Why Kering believes technology and sustainability go hand in hand

French luxury goods group Kering – owner of iconic brands such as Yves Saint Lauren and Gucci – has a long-standing commitment to reducing its environmental footprint. The company developed an environmental profit & loss method in 2012 to track its progress and has a target to reduce its global environmental impact 40% by 2025, a strategy aligned with the UN Sustainability Goals.

According to Michael Beutler, director of sustainability operations at Kering, the company is now “well on the way” to achieving that goal. However, he told delegates at the virtual Decoded Future Digital event run by trends forecaster Stylus, that the pandemic has “been an accelerator of change” across the industry.

“Covid-19 has an interesting effect, because people are separated geographically [when] a lot of the design process is by feel.” Previously, several versions of physical prototypes would be produced when putting together items for a collection. But now the experimentation of 3D design has been been sped up, with entire collections having been produced using 3D design. “You can see it works… that creates a new era of change,” he said.

“We’ve seen a revolution in retail as well, and that is more and more digital.” That will only increase, he said, and with it more sustainable technologies. He predicts an increase in things like body scanning, where the consumer uploads their size metrics.

“If you are buying it digitally, you don’t know if it fits or not. So you are going to buy a lot – and return half of them. But that is not so great for the footprint because you have all the shipping not only to your house but going back.” Those types of tools can take a lot of wasted energy out of the process.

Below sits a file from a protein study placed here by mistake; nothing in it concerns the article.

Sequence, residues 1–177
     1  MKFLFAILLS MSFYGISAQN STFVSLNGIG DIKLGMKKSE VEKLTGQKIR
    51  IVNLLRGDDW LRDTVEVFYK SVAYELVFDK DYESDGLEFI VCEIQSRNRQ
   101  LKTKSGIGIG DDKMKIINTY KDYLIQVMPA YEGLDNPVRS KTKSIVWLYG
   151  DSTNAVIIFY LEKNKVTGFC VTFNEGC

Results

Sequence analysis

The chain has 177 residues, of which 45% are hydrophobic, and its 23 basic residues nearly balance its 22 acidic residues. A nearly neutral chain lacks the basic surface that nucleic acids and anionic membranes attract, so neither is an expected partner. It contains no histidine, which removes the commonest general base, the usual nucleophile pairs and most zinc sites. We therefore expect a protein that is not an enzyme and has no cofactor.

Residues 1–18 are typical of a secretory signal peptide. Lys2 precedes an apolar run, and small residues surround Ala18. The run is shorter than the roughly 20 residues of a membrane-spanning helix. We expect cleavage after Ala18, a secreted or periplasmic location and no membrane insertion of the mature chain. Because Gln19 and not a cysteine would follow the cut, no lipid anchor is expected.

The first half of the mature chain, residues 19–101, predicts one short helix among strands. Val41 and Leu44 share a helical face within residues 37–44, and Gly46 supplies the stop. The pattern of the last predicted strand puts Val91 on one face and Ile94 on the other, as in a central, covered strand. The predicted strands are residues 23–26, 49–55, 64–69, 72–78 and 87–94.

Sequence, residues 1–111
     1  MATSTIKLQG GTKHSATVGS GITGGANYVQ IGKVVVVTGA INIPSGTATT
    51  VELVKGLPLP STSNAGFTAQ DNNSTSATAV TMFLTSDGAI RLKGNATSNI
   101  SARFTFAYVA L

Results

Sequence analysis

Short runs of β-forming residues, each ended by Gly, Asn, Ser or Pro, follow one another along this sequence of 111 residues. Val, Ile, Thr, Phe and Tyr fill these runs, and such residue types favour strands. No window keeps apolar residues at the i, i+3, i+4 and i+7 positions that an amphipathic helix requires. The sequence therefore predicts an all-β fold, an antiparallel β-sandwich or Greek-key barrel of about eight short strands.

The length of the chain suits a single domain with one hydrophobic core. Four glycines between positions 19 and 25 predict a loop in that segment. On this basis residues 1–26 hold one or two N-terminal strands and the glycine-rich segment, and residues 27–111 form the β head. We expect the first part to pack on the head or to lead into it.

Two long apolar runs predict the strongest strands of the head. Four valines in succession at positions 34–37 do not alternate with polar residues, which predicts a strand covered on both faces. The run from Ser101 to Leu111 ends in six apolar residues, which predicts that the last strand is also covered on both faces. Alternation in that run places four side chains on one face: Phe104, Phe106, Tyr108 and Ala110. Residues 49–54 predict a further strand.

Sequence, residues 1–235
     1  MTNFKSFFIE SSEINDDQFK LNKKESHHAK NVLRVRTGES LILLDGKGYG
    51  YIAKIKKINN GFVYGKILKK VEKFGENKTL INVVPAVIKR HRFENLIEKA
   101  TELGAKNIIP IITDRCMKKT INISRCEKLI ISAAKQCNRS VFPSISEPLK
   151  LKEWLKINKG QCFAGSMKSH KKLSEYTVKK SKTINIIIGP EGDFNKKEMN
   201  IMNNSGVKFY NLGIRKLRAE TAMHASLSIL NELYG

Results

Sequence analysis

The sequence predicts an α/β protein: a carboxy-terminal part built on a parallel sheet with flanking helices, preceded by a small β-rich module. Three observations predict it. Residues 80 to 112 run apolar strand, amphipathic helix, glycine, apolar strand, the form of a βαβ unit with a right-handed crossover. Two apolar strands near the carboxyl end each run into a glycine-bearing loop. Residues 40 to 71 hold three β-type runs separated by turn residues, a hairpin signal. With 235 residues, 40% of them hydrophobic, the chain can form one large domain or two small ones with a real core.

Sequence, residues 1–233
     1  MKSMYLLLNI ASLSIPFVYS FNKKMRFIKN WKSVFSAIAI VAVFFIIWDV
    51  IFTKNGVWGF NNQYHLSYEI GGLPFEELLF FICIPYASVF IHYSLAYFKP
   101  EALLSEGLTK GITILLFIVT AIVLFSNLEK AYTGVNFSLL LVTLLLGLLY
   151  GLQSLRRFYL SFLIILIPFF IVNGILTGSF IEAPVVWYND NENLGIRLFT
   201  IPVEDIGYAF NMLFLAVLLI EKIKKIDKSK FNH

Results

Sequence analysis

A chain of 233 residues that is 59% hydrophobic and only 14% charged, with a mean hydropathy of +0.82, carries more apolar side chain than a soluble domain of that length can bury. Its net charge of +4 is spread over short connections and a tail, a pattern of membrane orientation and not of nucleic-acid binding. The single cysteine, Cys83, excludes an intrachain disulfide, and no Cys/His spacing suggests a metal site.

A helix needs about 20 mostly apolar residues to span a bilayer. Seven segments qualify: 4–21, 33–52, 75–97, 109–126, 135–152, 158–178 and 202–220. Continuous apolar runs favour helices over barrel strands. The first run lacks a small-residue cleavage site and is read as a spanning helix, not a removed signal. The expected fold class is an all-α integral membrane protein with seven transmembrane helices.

Another big issue in the fashion industry is over production, with retailers producing three garments for every one they sell. “Part of it is anticipating consumer demand, which also brings in technology like AI for demand prediction.. you can get a much more accurate picture of what to order from your supply chain, by following in real-time what consumers are buying and not buying.

“That can make a huge difference to over-production. So we are seeing a convergence of a lot of things happening right now and I think it is a very exciting time in the fashion industry… there is so much going on and such an opportunity for change.”

Overall, Beutler is optimistic about the potential for sustainability, technology and creativity.

“I think we will see more and more… how that human element with the digital element can interplay. And I think that is one thing that makes luxury a little different from fashion: there is that tradition of craftsmanship. And creativity that can be enhanced not reduced by this new digital age of fashion.

“So with that I think it is important to keep in mind: yes we are facing a key pivotal time in our history, in terms of climate change and global issues. Covid-19 has been a reminder to us of how connected we are. And fashion can play a big role in trying to shape that future in a positive way."